The Future is Bright for Stem Cell Treatments
Considering the many emerging research studies on possible cord blood and cord tissue stem cell use, the future of stem cell treatments is very bright. Only the surface has been scratched when it comes to discovering the potential of these cells to treat diseases and disorders. New technologies that allow for the expansion of cord blood cells means that effective autologous therapy will be achievable well into adulthood. Additionally, research has shown that cord blood stem cells can also be effectively used for regeneration or repair, of non-hematopoietic tissues, such as the repair of joint damage through cartilage regeneration. Studies have also demonstrated that these cells are effective at modulating/reducing inflammation, and in the treatment of neurological disorders (ie. ALS, Alzheimer’s Disease, Stroke) that can occur later in life. Keeping up with the latest news inspires hope in the future.
Congress Approves Stem Cell Act Reauthorization
Legislation reauthorizing the Stem Cell Therapeutic and Research Act has been overwhelmingly passed by both the U.S. Senate and House of Representatives. The bill authorizes $23 million per year for the next five years for cord blood inventory growth and diversity. The Cord Blood Association, together with the National Marrow Donor Program (NMDP), worked tirelessly with members of Congress this year and testified in support of the legislation that totals $115 million for five years for the National Cord Blood Inventory (NCBI) and $150 million in that same period for blood and marrow transplant programs through the C.W. Bill Young Transplantation Program.
Patented Stem Cell Therapy to Treat Heart Failure Uses Cord Blood Stem Cells
Creative Medical Health Inc. was issued the patent titled, “Combination Therapy of Cardiovascular Disease.” The patent covers the use of adult stem cells such as cord blood and mesenchymal stem cells in combination with modulation of oxidative stress in treatment of heart failure. Additionally, the patent covers in-treatment assessment of oxidative stress so as to give doctors ability to personalize the treatment protocol to the particular needs of the patient.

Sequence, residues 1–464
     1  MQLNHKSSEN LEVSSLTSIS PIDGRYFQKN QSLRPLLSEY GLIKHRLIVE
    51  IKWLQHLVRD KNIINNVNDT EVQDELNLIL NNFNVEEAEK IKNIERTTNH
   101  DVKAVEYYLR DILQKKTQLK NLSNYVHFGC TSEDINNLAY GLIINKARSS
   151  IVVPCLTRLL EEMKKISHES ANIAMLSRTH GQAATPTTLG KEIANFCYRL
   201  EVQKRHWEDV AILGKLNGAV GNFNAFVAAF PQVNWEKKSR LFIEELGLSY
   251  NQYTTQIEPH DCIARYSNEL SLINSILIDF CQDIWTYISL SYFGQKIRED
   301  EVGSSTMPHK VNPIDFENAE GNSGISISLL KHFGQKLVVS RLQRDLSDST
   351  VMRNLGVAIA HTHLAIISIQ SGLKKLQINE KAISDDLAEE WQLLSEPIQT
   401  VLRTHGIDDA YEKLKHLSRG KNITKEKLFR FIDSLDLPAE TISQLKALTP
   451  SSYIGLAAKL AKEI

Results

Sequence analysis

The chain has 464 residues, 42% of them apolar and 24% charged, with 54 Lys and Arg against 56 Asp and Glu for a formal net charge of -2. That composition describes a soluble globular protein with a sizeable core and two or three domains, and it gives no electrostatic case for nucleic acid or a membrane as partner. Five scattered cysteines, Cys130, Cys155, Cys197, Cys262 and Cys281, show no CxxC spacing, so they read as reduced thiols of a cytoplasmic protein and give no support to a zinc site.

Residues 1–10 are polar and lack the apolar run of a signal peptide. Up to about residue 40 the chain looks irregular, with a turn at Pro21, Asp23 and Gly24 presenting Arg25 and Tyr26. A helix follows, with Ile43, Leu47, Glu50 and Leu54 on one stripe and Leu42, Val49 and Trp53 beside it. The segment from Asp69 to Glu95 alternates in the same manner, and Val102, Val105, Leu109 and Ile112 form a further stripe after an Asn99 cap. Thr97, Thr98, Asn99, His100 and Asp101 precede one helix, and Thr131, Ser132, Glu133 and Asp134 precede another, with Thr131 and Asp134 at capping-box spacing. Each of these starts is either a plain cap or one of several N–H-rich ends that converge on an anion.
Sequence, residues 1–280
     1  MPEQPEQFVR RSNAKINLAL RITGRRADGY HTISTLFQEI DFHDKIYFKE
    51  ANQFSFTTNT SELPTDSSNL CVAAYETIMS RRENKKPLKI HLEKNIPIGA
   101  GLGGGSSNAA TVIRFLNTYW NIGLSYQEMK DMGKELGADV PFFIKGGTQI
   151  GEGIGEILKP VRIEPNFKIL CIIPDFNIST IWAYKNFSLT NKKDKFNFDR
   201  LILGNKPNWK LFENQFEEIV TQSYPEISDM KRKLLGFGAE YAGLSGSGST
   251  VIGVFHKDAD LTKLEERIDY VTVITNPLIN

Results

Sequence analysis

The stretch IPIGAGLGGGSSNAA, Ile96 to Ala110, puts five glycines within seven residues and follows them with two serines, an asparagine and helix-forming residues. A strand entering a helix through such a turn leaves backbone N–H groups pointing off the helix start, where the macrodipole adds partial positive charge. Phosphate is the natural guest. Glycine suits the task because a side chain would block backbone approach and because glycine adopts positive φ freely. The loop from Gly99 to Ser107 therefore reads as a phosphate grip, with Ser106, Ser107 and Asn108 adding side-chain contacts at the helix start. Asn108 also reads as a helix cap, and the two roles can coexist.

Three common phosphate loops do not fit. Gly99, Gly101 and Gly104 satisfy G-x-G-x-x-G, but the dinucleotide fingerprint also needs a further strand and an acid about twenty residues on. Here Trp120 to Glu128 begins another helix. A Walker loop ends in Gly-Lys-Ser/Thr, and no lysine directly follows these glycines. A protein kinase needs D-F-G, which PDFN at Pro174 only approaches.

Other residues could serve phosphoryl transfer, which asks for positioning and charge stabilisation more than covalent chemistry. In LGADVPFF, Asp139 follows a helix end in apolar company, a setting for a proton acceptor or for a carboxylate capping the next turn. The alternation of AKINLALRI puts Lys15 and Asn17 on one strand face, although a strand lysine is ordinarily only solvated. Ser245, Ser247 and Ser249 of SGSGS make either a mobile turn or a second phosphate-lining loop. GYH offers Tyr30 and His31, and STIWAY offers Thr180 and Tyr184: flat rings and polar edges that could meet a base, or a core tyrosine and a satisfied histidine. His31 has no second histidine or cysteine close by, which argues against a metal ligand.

Umbilical Stem Cells Help Retinal Neurons Grow
Stem cell therapy has shown immense potential for the treatment of neurological disorders. Now, research has shown that stem cells found in human umbilical cord tissue could one day be used to treat degenerative eye diseases.
Blood of world's oldest woman hints at limits of life
Researchers have now examined her blood and other tissues to see how they were affected by age. What they found suggests, as we could perhaps expect, that our lifespan might ultimately be limited by the capacity for stem cells to keep replenishing tissues day in day out.
Stem cell research is currently a subject of keen interest for major research institutions.
According to a study by Johns Hopkins researchers, specially engineered "helper cells" transplanted along with stem cells can dole out growth factors to increase the stem cells' endurance. The study is believed to be the first to test the helper-cell tactic, which hopefully someday will help to overcome a major barrier to successful stem cell transplants.
New research by UC Davis centers on regenerating tissue to repair damaged neural tissue.
Stem cell technology has long offered the hope of regenerating tissue to repair broken or damaged neural tissue. Findings from a team of UC Davis investigators have brought this dream a step closer by developing a method to generate functioning brain cells that produce myelin.
FDA Approves Multiple Sclerosis Stem Cell Trial
After more than a decade of research, a groundbreaking study using stem cells to treat multiple sclerosis (MS) has been approved by the Food and Drug Administration. If successful, scientists believe it may one day lead to a cure for the autoimmune system disease.
Getting Closer to a Stem Cell Therapy for Parkinson's Disease
HSCI scientists have developed new ways to identify, grow, sort, and transplant the dopamine-producing cells that are lost in Parkinson’s disease. Additionally, they have learned how to identify and remove unwanted cells prior to transplantation, such as cells that produce cerebrospinal fluid.
Two-year-old gets windpipe made from her own stem cells
Two-year-old Hannah Warren was born without a windpipe and has been unable to talk, swallow, or eat on her own. Her only hope was an artificial windpipe; an experimental device. Her medical team custom-designed a new windpipe using tiny plastic fibers. It was then bathed in stem cells taken from Hannah's bone marrow to promote tissue growth.
Cord Blood-Derived Stem Cells – a New Therapeutic Option for Brain Disorders?
One particular challenge has been to force cord blood stem cells to become anything other than a blood cell. Researchers at the Salk Institute for Biological Studies in collaboration with scientists in Barcelona, Spain, have succeeded in coaxing stem cells to become neurons, a groundbreaking step in the treatment of traumatic brain injury.